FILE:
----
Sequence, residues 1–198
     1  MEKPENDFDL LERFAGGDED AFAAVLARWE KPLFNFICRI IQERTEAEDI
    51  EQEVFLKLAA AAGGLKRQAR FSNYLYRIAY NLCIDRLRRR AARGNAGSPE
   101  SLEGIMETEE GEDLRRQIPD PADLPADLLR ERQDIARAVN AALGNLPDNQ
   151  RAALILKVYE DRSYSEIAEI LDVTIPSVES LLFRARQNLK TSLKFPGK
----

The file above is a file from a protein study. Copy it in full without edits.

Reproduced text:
Sequence, residues 1–198
     1  MEKPENDFDL LERFAGGDED AFAAVLARWE KPLFNFICRI IQERTEAEDI
    51  EQEVFLKLAA AAGGLKRQAR FSNYLYRIAY NLCIDRLRRR AARGNAGSPE
   101  SLEGIMETEE GEDLRRQIPD PADLPADLLR ERQDIARAVN AALGNLPDNQ
   151  RAALILKVYE DRSYSEIAEI LDVTIPSVES LLFRARQNLK TSLKFPGK